Candles in the wind

We might not be celebrating a birthday but the candles are out at Genus HQ .  Our magnificent Horse Chestnut trees are in flower - it’s something we look forward to every year.  The erect white inflorescences with yellow and pink eyes stand out proudly from the branches hence their common name of horse chestnut candles.

Aesculus hippocastanum, its scientific name, is a classic parkland tree that lives for 300 years and attains a height of around 40 metres.  Ours are mere teenagers in comparison at around 15 metres.

On the northern side of the garden at the end of the long shrub border, we have the smaller Aesculus x carnea or the red horse-chestnut, a hybrid between Aesculus hippocastanum and A. pavia.  Several cultivars exist: ‘Briotii’ being the most common, and one with larger panicles of bright red flowers, ‘O’Neil’, shares its name with Genus founder Sue O’Neil.

Sadly, horse chestnuts are something we’ll see less and less of over the years and the traditional children's game of conkers is destined to slowly die out.  Pest and disease stricken, many of these trees are falling or being removed with more disease-resistant alternatives used to replace them.  Bleeding canker, leaf blotch, horse chestnut leaf miner moth, and chestnut leaf scale are just a few of the problems they face and in areas of public access and high footfall the difficult decision to remove them is often taken.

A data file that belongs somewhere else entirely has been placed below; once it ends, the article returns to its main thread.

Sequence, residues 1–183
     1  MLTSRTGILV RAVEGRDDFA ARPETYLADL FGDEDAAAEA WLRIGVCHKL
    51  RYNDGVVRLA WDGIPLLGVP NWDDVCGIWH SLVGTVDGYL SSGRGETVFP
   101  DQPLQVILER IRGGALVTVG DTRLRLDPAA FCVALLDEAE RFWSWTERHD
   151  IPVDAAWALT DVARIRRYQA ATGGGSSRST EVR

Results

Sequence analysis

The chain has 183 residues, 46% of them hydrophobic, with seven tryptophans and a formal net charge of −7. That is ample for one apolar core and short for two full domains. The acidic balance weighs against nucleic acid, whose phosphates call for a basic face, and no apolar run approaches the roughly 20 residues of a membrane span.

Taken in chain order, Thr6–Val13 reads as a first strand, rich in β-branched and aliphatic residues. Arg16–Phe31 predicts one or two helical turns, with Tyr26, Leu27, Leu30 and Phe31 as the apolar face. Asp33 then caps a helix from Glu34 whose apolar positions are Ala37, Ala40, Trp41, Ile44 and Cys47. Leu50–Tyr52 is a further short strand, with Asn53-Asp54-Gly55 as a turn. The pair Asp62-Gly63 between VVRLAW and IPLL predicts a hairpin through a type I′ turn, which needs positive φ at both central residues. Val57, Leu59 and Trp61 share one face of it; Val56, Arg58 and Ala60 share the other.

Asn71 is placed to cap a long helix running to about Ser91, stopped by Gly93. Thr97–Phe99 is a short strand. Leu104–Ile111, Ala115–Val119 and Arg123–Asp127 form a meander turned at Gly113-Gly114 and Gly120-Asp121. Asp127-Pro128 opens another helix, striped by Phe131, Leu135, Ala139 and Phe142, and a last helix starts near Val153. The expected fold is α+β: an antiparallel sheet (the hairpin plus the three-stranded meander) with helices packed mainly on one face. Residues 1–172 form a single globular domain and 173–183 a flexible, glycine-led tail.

Originally a native to Greece and Albania the tree is now widely spread around the globe.  Brought to England by John Tradescant the Elder (Gardener to Henrietta, wife of Charles I) in 1616, it soon spread to stately homes across the country.  A critically endangered native population of 22 acres still exists in Bulgaria and is located within a nature reserve.  Clinging on to both banks of the Dervishka river these trees, endemic to the region, are a remnant of what was once an extensive forest.  It appears that, like the elm, the image of the horse chestnut will be something we look back on fondly as a major part of the British landscape.  Lost but not forgotten.